This is who not to take financial advice from
There are many people who will offer financial advice for free, but unless they are licensed and experienced, then you’re better off taking their counsel with a pinch a salt.
With professional financial advisors deemed to be out of reach, too expensive, or unknown to the majority, many turn to those close and dear for advice on big financial problems: saving for children’s education, to buy or build a house, planning for retirement, etc.
Despite their best intentions, these people may not be the best choice to offer financial advice, and here’s why.
- Your Family members, Close friends, and Co-workers
In our times of need, we always turn to family and close friends for advice. We spend over 8 hours daily with co-workers, some of whom become friends, and we turn to for solace. However, financial advice from family and friends can sometimes be a recipe for disaster. Despite their best intentions, friends are not experts, making their advice subjective not quantitative. Plus, what may have worked financially for a friend may not necessarily work for you. And even if they are actual experts in the financial field, there is loss of objectivity due to proximity.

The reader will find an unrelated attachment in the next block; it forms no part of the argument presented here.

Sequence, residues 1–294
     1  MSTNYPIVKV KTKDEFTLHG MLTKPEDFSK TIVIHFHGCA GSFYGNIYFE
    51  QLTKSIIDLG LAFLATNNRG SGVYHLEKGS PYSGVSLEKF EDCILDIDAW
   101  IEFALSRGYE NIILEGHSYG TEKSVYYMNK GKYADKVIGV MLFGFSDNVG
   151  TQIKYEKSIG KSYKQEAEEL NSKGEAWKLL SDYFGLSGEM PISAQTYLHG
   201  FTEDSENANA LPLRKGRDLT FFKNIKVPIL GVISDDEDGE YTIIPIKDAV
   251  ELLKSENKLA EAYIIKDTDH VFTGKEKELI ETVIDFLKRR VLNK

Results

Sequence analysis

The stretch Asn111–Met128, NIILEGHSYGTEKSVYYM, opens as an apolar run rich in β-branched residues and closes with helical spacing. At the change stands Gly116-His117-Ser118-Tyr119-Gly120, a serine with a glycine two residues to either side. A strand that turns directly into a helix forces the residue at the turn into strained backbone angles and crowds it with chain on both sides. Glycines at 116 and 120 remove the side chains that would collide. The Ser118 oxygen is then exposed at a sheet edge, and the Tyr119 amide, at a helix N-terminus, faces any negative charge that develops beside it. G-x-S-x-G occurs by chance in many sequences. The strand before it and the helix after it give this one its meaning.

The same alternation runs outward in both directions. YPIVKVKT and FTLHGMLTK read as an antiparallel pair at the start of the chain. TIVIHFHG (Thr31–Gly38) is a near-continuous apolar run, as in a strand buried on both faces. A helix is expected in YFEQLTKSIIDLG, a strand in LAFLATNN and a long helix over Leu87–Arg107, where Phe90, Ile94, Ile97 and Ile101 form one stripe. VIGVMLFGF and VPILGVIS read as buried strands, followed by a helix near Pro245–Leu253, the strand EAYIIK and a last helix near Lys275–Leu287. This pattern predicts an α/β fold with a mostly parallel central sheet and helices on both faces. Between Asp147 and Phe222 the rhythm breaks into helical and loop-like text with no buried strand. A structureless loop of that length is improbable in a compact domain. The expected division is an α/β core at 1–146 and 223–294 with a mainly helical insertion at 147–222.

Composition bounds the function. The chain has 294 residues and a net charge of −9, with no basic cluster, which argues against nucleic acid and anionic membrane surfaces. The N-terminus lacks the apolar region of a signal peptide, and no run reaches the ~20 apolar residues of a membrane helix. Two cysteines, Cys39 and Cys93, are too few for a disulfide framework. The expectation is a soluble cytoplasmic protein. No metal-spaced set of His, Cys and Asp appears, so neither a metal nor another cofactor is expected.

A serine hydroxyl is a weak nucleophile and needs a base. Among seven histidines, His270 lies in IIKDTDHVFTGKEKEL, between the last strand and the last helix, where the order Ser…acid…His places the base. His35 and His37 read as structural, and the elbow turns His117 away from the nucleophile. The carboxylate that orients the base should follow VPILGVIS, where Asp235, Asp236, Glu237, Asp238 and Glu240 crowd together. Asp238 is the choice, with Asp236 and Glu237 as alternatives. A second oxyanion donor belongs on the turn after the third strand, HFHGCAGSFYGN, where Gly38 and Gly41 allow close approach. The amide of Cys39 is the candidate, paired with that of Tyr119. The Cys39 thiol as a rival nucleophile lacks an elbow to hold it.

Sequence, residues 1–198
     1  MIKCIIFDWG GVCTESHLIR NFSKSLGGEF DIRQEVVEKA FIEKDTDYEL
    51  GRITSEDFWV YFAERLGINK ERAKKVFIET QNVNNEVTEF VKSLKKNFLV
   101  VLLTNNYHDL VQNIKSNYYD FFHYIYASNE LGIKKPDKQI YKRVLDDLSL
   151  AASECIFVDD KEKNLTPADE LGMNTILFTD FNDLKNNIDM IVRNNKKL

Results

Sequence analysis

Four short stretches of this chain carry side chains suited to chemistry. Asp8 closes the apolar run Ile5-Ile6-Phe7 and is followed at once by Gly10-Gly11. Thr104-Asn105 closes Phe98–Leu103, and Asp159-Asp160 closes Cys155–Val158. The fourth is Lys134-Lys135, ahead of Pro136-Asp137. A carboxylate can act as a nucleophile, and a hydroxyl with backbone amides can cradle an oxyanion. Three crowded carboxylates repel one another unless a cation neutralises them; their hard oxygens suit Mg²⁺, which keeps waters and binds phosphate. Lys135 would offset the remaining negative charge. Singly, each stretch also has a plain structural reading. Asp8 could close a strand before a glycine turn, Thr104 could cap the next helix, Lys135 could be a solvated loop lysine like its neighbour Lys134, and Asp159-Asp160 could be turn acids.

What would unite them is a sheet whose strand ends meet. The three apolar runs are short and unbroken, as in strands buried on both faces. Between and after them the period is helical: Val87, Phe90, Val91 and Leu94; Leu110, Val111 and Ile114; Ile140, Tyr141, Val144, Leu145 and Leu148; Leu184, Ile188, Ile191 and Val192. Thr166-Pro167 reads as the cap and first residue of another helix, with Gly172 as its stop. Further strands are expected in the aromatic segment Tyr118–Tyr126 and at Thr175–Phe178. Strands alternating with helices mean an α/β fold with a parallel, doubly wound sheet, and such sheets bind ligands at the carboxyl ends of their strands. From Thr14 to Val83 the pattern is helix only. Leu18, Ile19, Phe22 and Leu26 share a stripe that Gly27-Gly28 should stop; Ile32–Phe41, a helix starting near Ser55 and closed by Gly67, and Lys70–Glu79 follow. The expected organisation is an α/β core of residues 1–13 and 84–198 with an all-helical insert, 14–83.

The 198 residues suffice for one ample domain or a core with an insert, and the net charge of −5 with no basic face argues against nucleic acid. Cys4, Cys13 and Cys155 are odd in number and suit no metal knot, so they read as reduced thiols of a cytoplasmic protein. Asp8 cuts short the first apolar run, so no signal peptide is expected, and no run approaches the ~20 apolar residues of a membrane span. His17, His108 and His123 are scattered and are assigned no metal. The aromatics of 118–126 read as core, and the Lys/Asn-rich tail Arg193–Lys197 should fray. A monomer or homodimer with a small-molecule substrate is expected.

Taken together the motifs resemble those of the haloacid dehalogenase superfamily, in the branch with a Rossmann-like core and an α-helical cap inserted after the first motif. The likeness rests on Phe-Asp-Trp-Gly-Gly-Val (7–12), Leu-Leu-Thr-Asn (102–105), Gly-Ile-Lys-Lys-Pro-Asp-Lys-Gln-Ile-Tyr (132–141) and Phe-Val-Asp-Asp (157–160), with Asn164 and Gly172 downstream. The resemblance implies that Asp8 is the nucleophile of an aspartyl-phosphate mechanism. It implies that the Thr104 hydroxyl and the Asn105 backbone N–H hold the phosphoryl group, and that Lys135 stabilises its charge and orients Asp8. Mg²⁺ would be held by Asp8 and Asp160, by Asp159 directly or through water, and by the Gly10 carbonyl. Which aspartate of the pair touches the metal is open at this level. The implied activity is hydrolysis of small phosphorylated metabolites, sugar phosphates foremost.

- People with more money than you
With a lot of time spent on social media, there is a temptation to take financial advice from those who appear to be doing financially better than you. The thinking being that if they appear to be successful then they must know what they are talking about. However, in this age of social media perception is king and appearances are queen. Meaning that most are concerned with projection than reality. The fancy lifestyle they showcase may be propped up with debt, illegal earnings or a massive inheritance. So, beware.
- People Who Sell Financial Products
Those who earn on commission may have reason to push for a financial product as it helps them earn a living, and not because it is what is best for the person seeking advice. You should be wary of anyone who only seems to be interested in closing a sale rather than taking account of your overall financial situation. Financial advisors make their money by charging fees for their services rather than taking commissions for selling products.